Friday, May 08, 2009

Not the Talking Breed

A charming comment from Corinne McKay's web log

"At the recent Colorado Translators Association marketing workshop, Judy Jenner asked us to get into small groups and discuss the selling points of our freelance businesses. There was a moment of terrified silence, and then a small voice in the front of the room said “Can’t I just post it to the CTA e-mail list?” Talking…selling…groups of people…all things that many translators are terrified of. By contrast, many of the interpreters I met at the CAPI meeting could charmingly chat up a potted palm tree and pass it a few business cards in the course of the conversation. It was a really interesting chance to “cross the aisle” of the language profession and get a sense of what many interpreters’ daily work consists of."

Ok, it isn't that bad here yet. Or is it? Who talks most at my workshops? The interpreters? And they are truly disadvantaged in Australia, where the majority of work is government-based community interpreting (no Obama, not even Kevin 747) and where they are underpaid and could possibly end up talking to a pot plant for very different reasons. And the translators? Well, there are those that talk, and those that sit with arms folded, absorbing. There are also those who - like the unnamed entity in Canberra - fall asleep with their mouth wide open during the presentation. I assume you get your PD points regardless to whether you are there in mind and body, or just in body.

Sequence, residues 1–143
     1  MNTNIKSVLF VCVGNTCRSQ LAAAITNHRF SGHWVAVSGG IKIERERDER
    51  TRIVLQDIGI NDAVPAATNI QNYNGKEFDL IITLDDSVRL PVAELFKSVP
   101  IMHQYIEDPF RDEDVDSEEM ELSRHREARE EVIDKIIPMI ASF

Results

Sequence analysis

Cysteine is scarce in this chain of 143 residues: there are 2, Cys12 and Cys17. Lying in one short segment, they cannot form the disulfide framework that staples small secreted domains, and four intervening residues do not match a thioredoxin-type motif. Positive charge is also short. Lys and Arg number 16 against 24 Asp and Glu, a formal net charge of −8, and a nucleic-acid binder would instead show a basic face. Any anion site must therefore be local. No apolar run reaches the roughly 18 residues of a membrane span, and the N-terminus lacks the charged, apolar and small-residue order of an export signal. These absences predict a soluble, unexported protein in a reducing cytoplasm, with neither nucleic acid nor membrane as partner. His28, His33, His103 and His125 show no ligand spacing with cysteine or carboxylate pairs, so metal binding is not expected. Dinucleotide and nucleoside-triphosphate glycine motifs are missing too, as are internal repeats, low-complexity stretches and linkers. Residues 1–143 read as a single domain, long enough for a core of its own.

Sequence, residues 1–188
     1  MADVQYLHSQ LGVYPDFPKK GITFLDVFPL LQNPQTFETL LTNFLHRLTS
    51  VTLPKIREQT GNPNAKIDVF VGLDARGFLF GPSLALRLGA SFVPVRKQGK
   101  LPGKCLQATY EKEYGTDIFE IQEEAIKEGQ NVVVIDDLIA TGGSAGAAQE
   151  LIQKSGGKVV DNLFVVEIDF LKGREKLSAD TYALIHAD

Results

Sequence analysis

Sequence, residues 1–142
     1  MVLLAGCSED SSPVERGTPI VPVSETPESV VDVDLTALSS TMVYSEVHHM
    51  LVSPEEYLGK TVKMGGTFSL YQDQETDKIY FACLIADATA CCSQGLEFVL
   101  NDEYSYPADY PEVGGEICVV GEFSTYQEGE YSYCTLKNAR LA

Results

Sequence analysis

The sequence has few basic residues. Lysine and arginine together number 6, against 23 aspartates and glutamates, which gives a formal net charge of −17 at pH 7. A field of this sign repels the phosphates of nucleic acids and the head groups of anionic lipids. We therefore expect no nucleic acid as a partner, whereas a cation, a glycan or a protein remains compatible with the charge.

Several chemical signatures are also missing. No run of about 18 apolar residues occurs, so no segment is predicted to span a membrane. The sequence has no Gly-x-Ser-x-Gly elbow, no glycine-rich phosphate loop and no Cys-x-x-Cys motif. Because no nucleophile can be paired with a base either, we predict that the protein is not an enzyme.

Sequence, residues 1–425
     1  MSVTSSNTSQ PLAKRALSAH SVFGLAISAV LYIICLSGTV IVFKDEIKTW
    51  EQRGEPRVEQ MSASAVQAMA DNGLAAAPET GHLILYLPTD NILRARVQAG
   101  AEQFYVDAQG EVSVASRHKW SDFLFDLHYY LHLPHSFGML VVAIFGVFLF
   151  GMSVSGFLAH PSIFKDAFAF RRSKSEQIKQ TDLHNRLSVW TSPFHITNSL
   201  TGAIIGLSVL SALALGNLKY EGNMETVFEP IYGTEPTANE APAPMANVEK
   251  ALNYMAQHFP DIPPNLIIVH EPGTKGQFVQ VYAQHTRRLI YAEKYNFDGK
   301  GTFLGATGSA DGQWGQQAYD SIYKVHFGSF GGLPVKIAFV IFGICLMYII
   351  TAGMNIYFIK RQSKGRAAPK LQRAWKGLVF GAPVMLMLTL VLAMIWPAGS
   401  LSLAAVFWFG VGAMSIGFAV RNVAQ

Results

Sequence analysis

I remember many years ago a colleague telling me all translators are sociopaths. Of course that is a huge load of crap, but they do tend to be less extroverted than the interpreters. And those among the writing breed who are into social interaction soon end up working also as interpreters, to get away from the isolation of the screen-human environment.

Looking into my own soul - and I show many others how to market themselves - there seems to be a huge psychological block to talking about myself to potential clients, a sort of awkwardness that disappears when I am in the teaching seat, or blogging, or with colleagues I am comfortable with. I know it is social (nice ladies don't brag), but I wish it wasn't there. I wish, also, Corinne would add a chapter to her book about overcoming it :-D

For all your English to Arabic and vice versa translations that will help you expand your business into the Middle East visit Arabic Language Experts at

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